posted by the painkiller at 5:43 AM on December 16, 2010 [1 favorite]


I got the spice you bring the sauce

This has always bothered me. That's the lyric listed on the album jacket, too, but if you listen (it's from "Super Disco Breakin" on Hello Nasty) the line clearly starts "The worm is the spice" for a nice Dune reference to be annotated. And if you disagree, I will break a beer bottle and use it to cut your pretty face.
posted by COBRA! at 7:15 AM on December 16, 2010 [2 favorites]


This would work so much better as a wiki.
posted by almostmanda at 8:02 AM on December 16, 2010


My parents had a sit-down with me after I taught my six-year old sister the lyrics to Fight for Your Right. That said, I had no idea the line "I'm so electric like Dick Hyman" referred to this Dick Hyman.
posted by spikeleemajortomdickandharryconnickjrmints at 8:51 AM on December 16, 2010


Repeat for 5 or so albums.

Well, not really. There is a huge progression between License to Ill and Paul's Boutique, then another huge transition between Paul's Boutique and Check Your Head--in terms of both style and subject matter. But then, yes repeat for 5 albums or so after that. Unless you're just talking about their "flow", in which case, yes pretty much. Somehow Adrock's schtick still never seems to get old for me.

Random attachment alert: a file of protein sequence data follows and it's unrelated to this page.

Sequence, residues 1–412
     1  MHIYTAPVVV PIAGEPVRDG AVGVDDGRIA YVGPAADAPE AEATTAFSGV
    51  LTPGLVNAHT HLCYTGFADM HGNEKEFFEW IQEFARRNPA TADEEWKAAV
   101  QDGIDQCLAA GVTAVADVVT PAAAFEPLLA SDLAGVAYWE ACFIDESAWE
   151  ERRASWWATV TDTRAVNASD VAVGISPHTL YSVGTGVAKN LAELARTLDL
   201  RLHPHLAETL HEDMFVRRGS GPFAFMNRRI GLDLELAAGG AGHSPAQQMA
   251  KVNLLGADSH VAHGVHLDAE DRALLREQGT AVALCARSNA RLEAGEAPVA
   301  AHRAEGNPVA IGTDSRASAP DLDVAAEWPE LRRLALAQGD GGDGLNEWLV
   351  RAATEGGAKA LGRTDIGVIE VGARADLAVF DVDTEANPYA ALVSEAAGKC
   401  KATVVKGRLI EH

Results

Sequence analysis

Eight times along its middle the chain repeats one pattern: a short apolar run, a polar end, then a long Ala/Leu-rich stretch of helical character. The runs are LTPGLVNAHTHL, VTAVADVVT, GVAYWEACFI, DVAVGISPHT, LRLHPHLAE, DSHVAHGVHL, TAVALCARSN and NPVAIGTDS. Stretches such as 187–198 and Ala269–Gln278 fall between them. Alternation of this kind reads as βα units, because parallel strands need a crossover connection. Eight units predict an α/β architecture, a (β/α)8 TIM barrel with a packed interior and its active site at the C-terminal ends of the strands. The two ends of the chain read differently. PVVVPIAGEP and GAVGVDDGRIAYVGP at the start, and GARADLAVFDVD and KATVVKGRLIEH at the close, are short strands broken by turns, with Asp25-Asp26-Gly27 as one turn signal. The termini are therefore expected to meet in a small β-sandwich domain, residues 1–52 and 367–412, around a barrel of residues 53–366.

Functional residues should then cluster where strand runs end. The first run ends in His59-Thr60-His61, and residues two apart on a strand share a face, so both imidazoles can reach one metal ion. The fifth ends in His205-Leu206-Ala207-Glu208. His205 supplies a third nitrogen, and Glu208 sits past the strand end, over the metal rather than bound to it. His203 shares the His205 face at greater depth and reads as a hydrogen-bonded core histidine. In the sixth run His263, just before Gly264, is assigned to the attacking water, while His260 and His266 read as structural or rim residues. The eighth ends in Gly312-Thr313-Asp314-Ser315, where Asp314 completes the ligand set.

Also I recall at some point reading something about them drinking Brass Monkey with Banana Popsicles in it instead of ice. Ew.
posted by Hoopo at 9:08 AM on December 16, 2010


This reminds me how great and revolutionary The Beastie Boys were. I was 13 when Licensed to Ill came out which was perfect timing. And for the next 2 albums they were leading the way on trendsetting and rap innovation. I've tried to explain that to people under 30 today and they just don't understand. They weren't there.

I didn't look at the Paul's Boutique chapter, but that album is so crammed full of references it would take years to decipher them all.
posted by Liquidwolf at 9:30 AM on December 16, 2010


This reminds me how great and revolutionary The Beastie Boys were... they were leading the way on trendsetting and rap innovation.